It is rather straight forward to show that $L_p$ is complete for $p\geqslant 1$, but I am having trouble showing the same thing when $p<1$. For the former case I have shown that every absolutely convergent sequence converges by constructing a a function in $L_p$ but bigger than the series and used the dominated convergence […]

Could someone explain the intuition behund the Hausdorff Measure and Hausdorff Dimension? The Hausdorff Measure is defined as the following: Let $(X,d)$ be a metric space. $\forall S \subset X$, let $\operatorname{diam} U$ denote the diameter, that is $$\operatorname{diam} U = \sup \{ \rho(x,y) : x,y \in U \} \,\,\,\,\, \operatorname{diam} \emptyset = 0 $$ […]

Let $B$ be a bounded Borel set of $\mathbb{R}$, Show that if $A$ is a finite union of disjoint intervals, the Lebesgue measure of $A\triangle B$ can be arbitrarily small. Also show that this remains true as long as $B$ has finite Lebesgue measure.

Let $X$ be the space of measurable functions $f:[0,1] \rightarrow \mathbb{R}$. I want to find out whether this space is complete under the metric $d(f,g):= \int_{[0,1]} \frac{|f-g|}{1 + |f-g|}$. Does anybody here have an idea how to tackle this problem?

Let’s start off with two measure spaces, $ (X,\mathcal{A},\mu) $ and $ (Y,\mathcal{B},\nu) $, and suppose that we want to form their product measure space. It can happen that more than one product measure exists: One has the measures arising from the Carathéodory construction on the $ \sigma $-algebra $ \mathcal{A} \times \mathcal{B} $ corresponding […]

Let $\mathbb K$ be $\mathbb R$ or $\mathbb C$. Let $(X, \mathcal M, \mu)$ be a measure space and let $F$ be a Banach space over $\mathbb K$. I would like to define an integral of a function $f:X \rightarrow F$ that satisfies suitable conditions. My method is motivated by Bourbaki’s Integration. They assume that […]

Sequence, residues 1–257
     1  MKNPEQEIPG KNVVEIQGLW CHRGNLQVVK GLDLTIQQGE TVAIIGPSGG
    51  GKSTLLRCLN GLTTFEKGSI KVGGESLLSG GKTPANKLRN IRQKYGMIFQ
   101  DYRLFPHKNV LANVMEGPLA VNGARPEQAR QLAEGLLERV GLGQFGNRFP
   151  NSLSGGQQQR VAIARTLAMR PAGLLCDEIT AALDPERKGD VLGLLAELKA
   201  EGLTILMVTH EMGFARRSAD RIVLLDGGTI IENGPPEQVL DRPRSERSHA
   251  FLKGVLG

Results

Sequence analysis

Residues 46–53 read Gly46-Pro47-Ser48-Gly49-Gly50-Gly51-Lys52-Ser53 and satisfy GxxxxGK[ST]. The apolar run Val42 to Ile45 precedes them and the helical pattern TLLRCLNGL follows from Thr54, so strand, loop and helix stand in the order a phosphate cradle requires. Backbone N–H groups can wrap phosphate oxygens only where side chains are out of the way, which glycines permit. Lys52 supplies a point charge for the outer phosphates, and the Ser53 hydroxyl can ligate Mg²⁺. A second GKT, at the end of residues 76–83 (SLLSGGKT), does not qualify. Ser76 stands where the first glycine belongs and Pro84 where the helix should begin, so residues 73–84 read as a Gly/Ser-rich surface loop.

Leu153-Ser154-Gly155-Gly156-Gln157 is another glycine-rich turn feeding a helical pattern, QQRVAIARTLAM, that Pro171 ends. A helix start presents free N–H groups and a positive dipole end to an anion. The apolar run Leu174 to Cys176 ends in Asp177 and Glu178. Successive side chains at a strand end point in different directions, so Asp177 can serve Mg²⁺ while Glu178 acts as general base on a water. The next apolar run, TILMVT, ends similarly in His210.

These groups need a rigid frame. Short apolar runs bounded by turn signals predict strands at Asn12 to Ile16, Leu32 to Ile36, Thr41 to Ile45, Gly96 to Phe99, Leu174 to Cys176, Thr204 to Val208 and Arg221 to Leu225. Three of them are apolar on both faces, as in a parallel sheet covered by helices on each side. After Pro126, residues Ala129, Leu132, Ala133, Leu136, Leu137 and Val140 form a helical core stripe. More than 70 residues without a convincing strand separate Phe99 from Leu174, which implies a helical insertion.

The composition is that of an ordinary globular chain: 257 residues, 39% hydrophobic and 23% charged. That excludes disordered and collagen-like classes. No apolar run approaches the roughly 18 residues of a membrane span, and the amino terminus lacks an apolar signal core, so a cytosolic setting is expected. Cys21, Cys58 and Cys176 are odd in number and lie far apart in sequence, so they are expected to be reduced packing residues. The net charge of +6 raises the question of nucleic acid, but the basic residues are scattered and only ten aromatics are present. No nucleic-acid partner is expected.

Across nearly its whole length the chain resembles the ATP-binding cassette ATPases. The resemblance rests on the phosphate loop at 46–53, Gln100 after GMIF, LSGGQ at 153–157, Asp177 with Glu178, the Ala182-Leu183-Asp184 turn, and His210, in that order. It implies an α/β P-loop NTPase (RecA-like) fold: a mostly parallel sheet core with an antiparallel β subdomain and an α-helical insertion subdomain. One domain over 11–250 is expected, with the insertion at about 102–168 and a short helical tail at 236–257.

Set of rational numbers $\mathbb{Q}$ is measure $0$. I approach this question by two sides. (First) Like here Showing that rationals have Lebesgue measure zero., $$ \mu(\mathbb Q) = \mu\left(\bigcup_{n=1}^\infty \{q_n\}\right) = \sum_{n=1}^\infty \mu(\{q_n\}) = \sum_{n=1}^\infty 0 = 0. $$ (Second) Using the definition of Lebuesgue measure. let’s order $\mathbb{Q}=\bigcup_{i=1}^{\infty}\left\{ r_{i}\right\} $. For given $\epsilon>0$, […]

I’m new to formal writing, so please be patient :). Let $S=\left\{ s \subset [0,1] : |s|=n \right\}$, and let $x$ be a probability distribution over the elements of $S$. Namely, $x$ is a distribution over all sets of size $n$ (for a constant $n$) of elements from $[0,1]$. Define $\mu: 2^{[0,1]}\rightarrow [0,n]$ such that […]

There are several variants of dominated convergence theorem. The standard one requires $f_n \to f$ a.e. and $|f_n|\leq g$ a.e. where $g$ is integrable. It can be weakened to only convergent in measure, if we impose $\sigma$-finiteness to the measure, c.f. Generalisation of Dominated Convergence Theorem. However, we know if $g$ is integrable, $N(g) = […]

Let $(X,\mathbb X,\mu)$ be a measure space and let $(E_n)$ be a sequence in $\mathbb X$. Show that $$\mu(\lim\inf E_n)\leq\lim\inf\mu(E_n).$$ I am quite sure I need to use the following lemma. Lemma. Let $\mu$ be a measure defined on a $\sigma$-algebra $\mathbb X$. If $(E_n)$ is an increasing sequence in $\mathbb X$, then $$\mu\left(\bigcup_{n=1}^\infty E_n\right)=\lim\mu(E_n).$$ […]

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